Last summer, Ryan Smith, aged 16 was cycling to work when he was knocked off his bike by a van. He wasn’t wearing a helmet as he didn’t want to mess up his hair. Unfortunately Ryan suffered the worst kind of brain injury, Diffuse Axonal Injury, which means his brain now has to find new pathways to function normally. Ryan was in a coma for four months, waking up last November, and has recently started speaking in sentences again for the first time since the accident.
His family has set up the Ryan Smith Foundation and are campaigning to make it compulsory to wear a cycle helmet. His sister Rachael, has given up her job and is making a twice weekly 8 hour round trip to help care for her brother. She is training to do this on a long-term basis. What shines through when learning more about this family is their determination and courage in this horrific situation.
Whilst campaigning, the family set up an online petition which needs 100k signatures for government to respond. In this case though, Ministers responded before the 100k signatures were reached. You might think the response therefore was a positive one, however the Government has said it has no plans to legislate to introduce mandatory enforcement of cycle helmet wearing.
In fact, it goes so far as to say that such a law would be very difficult to enforce and would have a negative effect on cycling. Having to wear a helmet would discourage people from getting on a bike so having a knock on effect to lifestyle and health. The response, which you can read in full here goes on to list all of the campaigns and improvements the Government is making with regards to cycling awareness and training, which of course is all positive. However would making it compulsory to wear a helmet really put people off riding a bike?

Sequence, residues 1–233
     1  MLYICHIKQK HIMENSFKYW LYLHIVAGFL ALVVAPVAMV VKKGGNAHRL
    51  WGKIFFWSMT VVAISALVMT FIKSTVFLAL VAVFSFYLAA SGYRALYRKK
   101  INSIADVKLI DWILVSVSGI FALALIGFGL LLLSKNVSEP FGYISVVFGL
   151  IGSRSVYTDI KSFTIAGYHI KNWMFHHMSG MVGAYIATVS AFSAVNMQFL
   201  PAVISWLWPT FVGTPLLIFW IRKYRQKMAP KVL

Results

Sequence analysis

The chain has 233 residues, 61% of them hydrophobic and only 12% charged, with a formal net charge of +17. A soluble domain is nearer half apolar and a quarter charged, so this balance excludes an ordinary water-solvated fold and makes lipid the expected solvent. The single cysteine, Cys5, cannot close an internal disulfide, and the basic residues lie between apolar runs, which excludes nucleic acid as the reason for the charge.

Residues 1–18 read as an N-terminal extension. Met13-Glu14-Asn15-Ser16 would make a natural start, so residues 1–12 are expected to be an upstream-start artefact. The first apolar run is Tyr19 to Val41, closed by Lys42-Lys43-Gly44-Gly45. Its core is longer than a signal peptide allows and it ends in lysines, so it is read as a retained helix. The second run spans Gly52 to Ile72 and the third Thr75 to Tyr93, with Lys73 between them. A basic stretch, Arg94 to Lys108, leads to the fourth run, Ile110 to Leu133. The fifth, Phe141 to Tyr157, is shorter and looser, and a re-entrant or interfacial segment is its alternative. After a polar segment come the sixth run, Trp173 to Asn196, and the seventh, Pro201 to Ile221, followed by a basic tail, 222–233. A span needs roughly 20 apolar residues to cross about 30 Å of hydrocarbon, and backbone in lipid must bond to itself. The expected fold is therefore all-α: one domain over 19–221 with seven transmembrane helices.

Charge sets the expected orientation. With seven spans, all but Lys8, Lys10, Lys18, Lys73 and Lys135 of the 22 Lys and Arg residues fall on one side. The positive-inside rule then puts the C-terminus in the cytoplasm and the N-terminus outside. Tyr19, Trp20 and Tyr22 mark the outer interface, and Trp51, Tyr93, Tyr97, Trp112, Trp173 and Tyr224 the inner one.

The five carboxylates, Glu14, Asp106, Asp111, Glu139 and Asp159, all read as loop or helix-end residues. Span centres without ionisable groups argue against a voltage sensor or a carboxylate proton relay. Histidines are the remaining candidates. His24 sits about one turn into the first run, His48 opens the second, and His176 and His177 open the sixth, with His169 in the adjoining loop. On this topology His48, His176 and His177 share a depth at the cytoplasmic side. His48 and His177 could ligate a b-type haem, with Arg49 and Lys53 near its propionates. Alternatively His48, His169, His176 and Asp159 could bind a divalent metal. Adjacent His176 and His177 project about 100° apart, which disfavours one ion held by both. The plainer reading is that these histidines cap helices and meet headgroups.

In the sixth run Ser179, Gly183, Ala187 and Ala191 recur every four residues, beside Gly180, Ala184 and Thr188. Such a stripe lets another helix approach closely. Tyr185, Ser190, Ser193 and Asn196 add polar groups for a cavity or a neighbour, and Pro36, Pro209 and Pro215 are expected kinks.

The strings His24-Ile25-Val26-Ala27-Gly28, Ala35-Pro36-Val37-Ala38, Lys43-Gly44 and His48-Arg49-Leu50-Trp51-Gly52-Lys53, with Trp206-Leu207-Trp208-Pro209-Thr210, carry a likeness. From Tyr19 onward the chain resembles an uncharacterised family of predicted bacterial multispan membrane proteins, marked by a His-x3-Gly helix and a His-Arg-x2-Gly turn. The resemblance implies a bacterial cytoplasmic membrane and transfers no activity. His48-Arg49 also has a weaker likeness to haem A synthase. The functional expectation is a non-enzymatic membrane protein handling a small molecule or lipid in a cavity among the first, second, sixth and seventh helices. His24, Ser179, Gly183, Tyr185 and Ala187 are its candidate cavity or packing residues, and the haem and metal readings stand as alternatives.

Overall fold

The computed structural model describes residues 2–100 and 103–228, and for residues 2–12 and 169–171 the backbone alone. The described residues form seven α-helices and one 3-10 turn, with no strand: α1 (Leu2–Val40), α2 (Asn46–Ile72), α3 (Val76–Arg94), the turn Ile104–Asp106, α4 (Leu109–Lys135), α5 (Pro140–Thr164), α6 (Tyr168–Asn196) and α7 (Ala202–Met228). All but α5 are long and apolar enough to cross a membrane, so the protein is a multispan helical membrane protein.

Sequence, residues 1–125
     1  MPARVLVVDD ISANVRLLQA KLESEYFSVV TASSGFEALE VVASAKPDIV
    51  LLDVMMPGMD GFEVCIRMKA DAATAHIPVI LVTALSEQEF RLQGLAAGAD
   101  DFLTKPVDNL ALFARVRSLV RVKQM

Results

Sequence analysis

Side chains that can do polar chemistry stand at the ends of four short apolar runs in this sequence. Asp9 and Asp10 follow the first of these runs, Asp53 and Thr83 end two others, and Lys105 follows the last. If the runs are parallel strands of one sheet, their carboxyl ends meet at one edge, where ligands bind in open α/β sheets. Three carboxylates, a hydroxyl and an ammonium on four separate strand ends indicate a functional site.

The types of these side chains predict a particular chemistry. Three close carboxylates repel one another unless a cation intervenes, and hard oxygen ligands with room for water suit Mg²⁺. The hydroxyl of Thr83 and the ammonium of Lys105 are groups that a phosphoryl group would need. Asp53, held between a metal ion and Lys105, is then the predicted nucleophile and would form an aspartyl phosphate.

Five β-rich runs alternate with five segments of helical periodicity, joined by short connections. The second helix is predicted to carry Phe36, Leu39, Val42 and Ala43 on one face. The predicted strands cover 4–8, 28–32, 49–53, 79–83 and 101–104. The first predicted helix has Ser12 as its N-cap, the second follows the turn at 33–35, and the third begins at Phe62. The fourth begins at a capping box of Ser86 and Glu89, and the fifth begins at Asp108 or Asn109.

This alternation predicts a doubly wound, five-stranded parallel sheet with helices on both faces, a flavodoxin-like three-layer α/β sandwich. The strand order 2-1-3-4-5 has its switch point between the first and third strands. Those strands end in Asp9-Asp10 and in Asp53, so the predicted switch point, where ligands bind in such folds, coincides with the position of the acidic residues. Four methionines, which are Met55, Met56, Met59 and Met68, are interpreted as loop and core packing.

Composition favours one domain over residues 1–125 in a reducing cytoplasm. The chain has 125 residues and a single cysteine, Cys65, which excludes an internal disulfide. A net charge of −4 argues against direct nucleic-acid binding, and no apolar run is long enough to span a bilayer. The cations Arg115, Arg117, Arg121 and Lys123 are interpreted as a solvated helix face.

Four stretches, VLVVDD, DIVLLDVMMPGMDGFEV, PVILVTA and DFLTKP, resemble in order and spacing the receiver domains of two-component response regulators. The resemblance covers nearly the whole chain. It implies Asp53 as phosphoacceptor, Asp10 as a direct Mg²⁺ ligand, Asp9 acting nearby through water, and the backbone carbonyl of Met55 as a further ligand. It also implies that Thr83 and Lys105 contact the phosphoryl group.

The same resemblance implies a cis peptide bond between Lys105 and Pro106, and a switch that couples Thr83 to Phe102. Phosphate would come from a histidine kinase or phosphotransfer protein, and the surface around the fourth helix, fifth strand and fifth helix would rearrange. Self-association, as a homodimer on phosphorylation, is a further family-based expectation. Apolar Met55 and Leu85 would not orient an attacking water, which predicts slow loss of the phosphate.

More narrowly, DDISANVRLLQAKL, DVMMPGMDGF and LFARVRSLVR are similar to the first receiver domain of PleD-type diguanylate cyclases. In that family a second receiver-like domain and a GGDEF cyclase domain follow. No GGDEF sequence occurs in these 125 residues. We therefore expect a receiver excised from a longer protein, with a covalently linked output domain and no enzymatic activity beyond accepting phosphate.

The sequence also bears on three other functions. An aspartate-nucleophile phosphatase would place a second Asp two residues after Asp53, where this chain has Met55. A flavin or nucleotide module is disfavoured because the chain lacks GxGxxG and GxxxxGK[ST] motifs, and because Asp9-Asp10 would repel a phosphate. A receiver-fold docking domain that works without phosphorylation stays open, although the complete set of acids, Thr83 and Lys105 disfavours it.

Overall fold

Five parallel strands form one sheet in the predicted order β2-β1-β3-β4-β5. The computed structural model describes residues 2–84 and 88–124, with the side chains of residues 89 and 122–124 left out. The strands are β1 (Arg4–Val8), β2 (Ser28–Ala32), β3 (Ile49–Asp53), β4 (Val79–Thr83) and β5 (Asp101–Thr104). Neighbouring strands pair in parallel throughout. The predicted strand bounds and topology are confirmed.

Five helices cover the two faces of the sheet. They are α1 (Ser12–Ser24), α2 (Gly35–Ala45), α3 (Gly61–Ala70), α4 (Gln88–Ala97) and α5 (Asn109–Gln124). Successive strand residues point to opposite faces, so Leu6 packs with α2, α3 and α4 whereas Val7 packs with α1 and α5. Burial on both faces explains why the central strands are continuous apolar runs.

It is interesting though, that only 2 countries, Australia and New Zealand have managed to make this law. Both Italy and Mexico City, for example have not been able to make the compulsory wearing of helmets law, even though they’ve tried. There is a big debate on whether the cycling helmet is actually effective. In Dutch countries, cycling is seen as a normal activity that requires no special clothing or equipment. Dutch Institute for Road Safety Research (SWOV) finds contradictory evidence but on balance concludes “that a bicycle helmet is an effective means of protecting cyclists against head and brain injury”. They also mention that cycling helmets give cyclists a false sense of security and encourage them to make riskier decisions and behaviours.
Does wearing a helmet have a positive effect on head injuries? There are very few conclusive studies in this area. Some studies find a reduction whilst others find no change at all.
Does wearing a helmet have a negative effect on the amount of cycling? Possibly. An Australian study, conducted before and after the law came into effect, showed the amount of cycling to work had reduced by one third. A 2011 review however, found little evidence to support the claim that mandatory helmet usage discouraged bike riding.
So wherever you sit on this debate, no-one would want their family to endure the suffering that Ryan Smith’s have done in the last 6 months. If you support their campaign, they are still collecting signatures and you can sign it online here.